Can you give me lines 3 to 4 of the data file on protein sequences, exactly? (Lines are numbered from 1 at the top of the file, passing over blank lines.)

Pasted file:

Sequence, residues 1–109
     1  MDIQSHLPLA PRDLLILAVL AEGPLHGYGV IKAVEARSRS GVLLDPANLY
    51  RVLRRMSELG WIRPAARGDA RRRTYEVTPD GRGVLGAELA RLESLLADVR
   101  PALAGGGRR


    51  RVLRRMSELG WIRPAARGDA RRRTYEVTPD GRGVLGAELA RLESLLADVR
   101  PALAGGGRR